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The Escapist - Designing The Apocalypse

by Couchpotato, 2013-08-26 00:25:56

Escapist Magazine has a new interview with Creative Director Greg Kasavin about Bastion.

The ending is very different from the rest of the game - you can't freely switch out your choices. Once you pick, that's it. Was that a conscious decision?

Yeah, that was very conscious. We weren't sure exactly how it was going to go, but I really liked the idea that, in this game - to back up a little bit, we have no last boss or anything like that, right? The metaphorical "last boss" of the game is just an expressive choice that you make. That is the ultimate challenge. In a game where you've been making cool, fun gameplay choices the entire time, here, now, is a choice whose consequences are unclear. You have to decide what's right without the game spelling out for you that you're going to get, like, +25% damage, or something like that. The idea that we're going to save these expressive narrative choices that don't necessarily have any gameplay impact at all for the very end seemed pretty exciting. We thought those choices could have the highest impact by sort of coming out of nowhere in that way near the end. But I don't think they come out of nowhere [totally], because they really are the first moments in the actual story of the game when the character is confronted with situations where he does have to make this kind of choice. So it all seemed to work out nicely, and we liked saving that sort of thing for last.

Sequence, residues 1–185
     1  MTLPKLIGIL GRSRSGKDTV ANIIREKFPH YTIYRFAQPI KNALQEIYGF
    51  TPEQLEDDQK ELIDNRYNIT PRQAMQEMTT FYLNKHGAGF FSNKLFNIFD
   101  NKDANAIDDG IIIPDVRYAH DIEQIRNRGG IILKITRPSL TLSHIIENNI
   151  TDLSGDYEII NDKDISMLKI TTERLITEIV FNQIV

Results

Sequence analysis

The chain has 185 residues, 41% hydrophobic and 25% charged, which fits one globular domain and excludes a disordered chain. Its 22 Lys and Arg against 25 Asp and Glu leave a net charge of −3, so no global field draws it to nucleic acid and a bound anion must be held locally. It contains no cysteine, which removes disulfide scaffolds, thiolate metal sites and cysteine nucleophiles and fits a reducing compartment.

We felt that, either consciously or not, if the player was gonna invest that much time into the game to get to that point, chances are he would feel something about the world and about these characters and could make a choice accordingly. Whereas if we put those kind of choices in early on, they would be less meaningful, because you would have less time to basically get to know everything about the world. It's like, "Why should I care what happens?" We didn't end up using this as a tagline, but the sort-of tagline we had for the game early on was, "What will you make of the world?" - both speaking to how you build up the world around you, but it's also speaking to [the player] deciding what to make of it, I guess, in a more spiritual sense; you get to decide what happens to it. Because, ultimately, in any story, it comes down to: how is the world different between the beginning of the story and the end of the story? We wanted that difference to be pretty profound in the case of our game.

 

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